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Living, Learning, and Counting Carbs

Growing Up With Type 1 Diabetes Is a Journey for New Jersey Nurse

Emily Ireland enthusiastically pulls up her sleeve to reveal the tattoo just above her inner wrist—a large caduceus with the words “Type 1 Diabetes.”

“It was my first tattoo,” Emily says. “I got it when I turned 18—six years after my diagnosis.”

Emily, 23, of Egg Harbor Township, New Jersey, says living with the chronic condition is “a journey, a never-ending journey, where you learn things every day.”

She remembers clearly the exact moment she found out she was diabetic. “I was at the Franklin Institute when my doctor called and told me to go to the emergency room,” she says. The Ireland family of five raced to a nearby hospital and crammed into the small room to meet with the doctor.

Type 1 diabetes is caused by an autoimmune reaction that destroys the cells in the pancreas that make insulin and is usually diagnosed in children, teens, and young adults. Being diagnosed with such a serious illness as a preteen was hard, Emily says. “You want to fit in with everybody. To have something new that no one else around you is dealing with was definitely difficult.” But thanks to a good pediatric endocrinologist and a strong support system at home, Emily got into a healthy care routine.

“My mom and dad were totally in it with me—counting carbs and learning everything there was to know about diabetes,” she says. After a year of insulin injections with a needle, she began using a pump, and her blood sugar levels remained under control. But then came the high school years: growth spurts, athletics, dealing with middle-of-the-night testing, and the pump. “It was all a challenge.”

The challenge continued in college.

“Suddenly, you’re fending for yourself,” she explains. “Mom isn’t there to ask you if you ate dinner or if you’re counting your carbs correctly.” Late night studying, early morning classes, and hospital schedules didn’t help. And then there were the other things that come along with college, specifically “turning 21 and learning how to manage alcohol!”

For most diabetics, college can be particularly isolating because classmates don’t understand the medical issues. However, Emily attended the nursing program at West Chester University of Pennsylvania, and all of her roommates were nursing majors. Recently graduated with her BS in nursing, she says having diabetes strongly influenced her career choice. “I want to be the person that my medical team was for me.”

As she entered adulthood with the disease, Emily had to transition from the pediatric endocrinologist with whom she had started her journey to an adult specialist. At her pediatric nurse practitioner’s recommendation, she sought care from Kevin Furlong, DO, at Jefferson’s endocrinology centers in both Turnersville, New Jersey, and Philadelphia.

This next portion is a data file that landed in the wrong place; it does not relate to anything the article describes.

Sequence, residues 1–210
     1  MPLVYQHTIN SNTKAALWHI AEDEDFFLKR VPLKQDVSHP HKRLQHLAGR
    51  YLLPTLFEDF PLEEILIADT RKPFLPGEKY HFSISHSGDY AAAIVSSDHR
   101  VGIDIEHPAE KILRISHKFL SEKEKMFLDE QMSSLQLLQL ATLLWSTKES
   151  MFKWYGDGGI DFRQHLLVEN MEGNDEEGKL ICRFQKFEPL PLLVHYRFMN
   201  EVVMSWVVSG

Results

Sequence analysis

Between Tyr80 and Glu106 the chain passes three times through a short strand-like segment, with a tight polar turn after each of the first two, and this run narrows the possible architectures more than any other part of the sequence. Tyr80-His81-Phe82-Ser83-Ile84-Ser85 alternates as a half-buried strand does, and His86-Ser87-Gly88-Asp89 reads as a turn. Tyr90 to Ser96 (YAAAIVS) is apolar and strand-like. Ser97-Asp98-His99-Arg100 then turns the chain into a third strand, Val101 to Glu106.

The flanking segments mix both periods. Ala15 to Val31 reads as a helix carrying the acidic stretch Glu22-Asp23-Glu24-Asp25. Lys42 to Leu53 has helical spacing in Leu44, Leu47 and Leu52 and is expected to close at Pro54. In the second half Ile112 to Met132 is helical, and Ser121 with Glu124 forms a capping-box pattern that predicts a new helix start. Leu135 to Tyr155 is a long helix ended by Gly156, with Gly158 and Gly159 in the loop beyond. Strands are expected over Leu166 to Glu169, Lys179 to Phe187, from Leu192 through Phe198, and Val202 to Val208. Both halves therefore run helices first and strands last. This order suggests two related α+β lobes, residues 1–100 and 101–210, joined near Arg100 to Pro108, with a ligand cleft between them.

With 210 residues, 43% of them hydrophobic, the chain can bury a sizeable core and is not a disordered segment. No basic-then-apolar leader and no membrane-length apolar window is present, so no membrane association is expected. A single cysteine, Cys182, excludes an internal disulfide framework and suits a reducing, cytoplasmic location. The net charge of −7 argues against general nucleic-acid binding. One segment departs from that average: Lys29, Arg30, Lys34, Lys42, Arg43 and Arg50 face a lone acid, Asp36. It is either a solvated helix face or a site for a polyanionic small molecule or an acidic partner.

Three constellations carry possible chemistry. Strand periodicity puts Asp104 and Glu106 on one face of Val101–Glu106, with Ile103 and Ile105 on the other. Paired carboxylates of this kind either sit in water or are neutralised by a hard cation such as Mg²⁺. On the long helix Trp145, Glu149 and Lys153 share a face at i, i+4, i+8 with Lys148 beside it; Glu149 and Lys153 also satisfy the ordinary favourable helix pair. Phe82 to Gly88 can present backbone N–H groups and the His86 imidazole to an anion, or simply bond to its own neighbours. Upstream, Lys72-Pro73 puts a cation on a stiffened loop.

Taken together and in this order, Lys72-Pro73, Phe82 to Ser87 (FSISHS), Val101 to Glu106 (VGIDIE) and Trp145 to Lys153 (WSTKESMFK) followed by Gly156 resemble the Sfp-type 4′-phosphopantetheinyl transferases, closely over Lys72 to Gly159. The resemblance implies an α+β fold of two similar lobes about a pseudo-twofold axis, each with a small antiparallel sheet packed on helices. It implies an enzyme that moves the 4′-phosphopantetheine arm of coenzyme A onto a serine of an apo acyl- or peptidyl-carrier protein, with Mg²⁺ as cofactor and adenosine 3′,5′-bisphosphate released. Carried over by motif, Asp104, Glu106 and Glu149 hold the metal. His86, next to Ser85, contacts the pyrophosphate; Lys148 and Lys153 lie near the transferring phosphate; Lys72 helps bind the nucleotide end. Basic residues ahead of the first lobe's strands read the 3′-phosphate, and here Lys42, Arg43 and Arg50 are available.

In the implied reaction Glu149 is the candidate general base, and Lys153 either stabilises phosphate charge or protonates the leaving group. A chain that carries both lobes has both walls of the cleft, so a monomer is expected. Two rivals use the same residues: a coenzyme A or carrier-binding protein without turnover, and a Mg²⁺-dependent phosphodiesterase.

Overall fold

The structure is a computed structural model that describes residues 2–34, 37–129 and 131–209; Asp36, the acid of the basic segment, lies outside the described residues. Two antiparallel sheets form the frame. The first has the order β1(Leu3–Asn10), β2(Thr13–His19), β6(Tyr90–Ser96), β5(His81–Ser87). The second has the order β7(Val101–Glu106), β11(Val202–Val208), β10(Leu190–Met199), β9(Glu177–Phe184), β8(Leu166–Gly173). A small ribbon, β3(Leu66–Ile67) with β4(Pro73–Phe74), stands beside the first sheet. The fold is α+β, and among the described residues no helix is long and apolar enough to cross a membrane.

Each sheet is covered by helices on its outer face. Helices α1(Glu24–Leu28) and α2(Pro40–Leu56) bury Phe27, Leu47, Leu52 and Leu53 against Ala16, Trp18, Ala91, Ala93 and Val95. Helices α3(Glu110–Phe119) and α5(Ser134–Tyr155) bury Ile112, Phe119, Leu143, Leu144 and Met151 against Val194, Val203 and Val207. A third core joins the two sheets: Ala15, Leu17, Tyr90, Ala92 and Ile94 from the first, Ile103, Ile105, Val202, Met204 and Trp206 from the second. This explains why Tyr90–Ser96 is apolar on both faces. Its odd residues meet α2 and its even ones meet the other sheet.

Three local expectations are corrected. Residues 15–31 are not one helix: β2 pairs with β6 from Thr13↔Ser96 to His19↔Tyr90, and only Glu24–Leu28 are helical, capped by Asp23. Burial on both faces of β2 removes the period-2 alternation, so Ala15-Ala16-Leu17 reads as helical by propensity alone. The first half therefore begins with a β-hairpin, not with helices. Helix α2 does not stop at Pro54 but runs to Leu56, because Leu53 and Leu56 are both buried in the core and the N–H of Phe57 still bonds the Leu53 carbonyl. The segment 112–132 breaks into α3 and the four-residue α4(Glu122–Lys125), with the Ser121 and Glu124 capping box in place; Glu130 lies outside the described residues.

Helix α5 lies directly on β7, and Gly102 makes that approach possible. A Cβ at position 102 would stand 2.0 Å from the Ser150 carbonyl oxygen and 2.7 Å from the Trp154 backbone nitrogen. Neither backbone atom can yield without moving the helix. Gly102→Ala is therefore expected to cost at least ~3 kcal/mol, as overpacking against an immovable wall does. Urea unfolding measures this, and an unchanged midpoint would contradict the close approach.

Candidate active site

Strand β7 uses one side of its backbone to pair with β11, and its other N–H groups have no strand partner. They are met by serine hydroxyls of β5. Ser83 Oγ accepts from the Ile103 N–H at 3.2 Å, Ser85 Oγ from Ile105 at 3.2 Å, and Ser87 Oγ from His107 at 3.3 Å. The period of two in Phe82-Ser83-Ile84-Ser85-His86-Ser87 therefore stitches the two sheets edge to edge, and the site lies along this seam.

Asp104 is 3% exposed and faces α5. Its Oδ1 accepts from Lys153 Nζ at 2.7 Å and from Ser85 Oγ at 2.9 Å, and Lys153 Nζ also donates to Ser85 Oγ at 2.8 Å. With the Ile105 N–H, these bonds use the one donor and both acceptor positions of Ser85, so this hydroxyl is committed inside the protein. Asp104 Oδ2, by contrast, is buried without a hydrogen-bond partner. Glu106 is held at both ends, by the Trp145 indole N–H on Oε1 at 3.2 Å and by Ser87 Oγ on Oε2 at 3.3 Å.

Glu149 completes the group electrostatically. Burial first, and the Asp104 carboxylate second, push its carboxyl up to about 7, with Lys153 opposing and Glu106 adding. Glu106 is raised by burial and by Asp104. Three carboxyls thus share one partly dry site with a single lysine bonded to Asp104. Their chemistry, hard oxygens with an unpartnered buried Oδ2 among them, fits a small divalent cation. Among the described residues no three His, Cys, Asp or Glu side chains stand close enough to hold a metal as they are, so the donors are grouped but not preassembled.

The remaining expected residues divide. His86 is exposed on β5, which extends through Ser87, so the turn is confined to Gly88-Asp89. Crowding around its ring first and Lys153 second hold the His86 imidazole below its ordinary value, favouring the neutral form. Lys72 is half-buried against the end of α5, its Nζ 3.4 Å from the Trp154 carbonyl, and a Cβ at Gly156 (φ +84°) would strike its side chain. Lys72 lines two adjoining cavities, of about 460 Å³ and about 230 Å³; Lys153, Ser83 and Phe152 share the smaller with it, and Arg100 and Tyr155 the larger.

“It was hard to switch from a doctor whom I had been with for a very long time, but the first day I walked in, Dr. Furlong took his time and said, ‘Let’s take a moment; I understand that this is a hard thing, but we’re going to get through it.’ He was very welcoming and understanding, and really just made me so much more comfortable.”

Emily says that advances in medicine and technology ease some of the burden of diabetes. She still has to test her blood sugar, but not as often. She talks about her sleek “new 670G insulin pump” the way most girls her age would talk about a sports car. And she credits the guidance of her Jefferson team with helping to keep her A1C (average blood sugar level) to a very reasonable 7.6.

After living with the disorder for more than a decade, Emily has a unique perspective—and some advice for the newly diagnosed. “Make people around you aware of the condition that you have,” she said. “It’s difficult because sometimes medical issues are so personal, but it is so important to have people who can look out for you when you can’t look out for yourself.”

That’s where the tattoo above her wrist comes in. Now one of many pieces of body art, Emily explains that her mother only agreed to let her get a tattoo as a teenager if it had to do with her diabetes. “Since I always forgot to wear my medic alert bracelet, I thought it would be a good idea.”

Emily is aware that there will be challenges in the future—including taking care of herself properly while she is busy taking care of other people as a nurse. But she reminds herself to follow her own advice about living with diabetes: “Realize that you can do anything that you want—there’s nothing stopping you.”